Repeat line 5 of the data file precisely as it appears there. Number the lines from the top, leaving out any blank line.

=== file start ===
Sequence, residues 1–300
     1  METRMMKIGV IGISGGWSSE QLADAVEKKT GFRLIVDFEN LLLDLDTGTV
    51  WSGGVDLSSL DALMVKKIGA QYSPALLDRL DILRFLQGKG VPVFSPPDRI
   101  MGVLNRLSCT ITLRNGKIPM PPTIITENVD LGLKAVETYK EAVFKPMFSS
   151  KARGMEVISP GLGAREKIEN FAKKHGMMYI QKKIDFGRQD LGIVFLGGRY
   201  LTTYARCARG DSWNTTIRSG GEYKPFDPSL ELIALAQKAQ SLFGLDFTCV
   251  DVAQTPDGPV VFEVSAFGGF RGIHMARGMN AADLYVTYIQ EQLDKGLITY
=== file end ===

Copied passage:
   151  KARGMEVISP GLGAREKIEN FAKKHGMMYI QKKIDFGRQD LGIVFLGGRY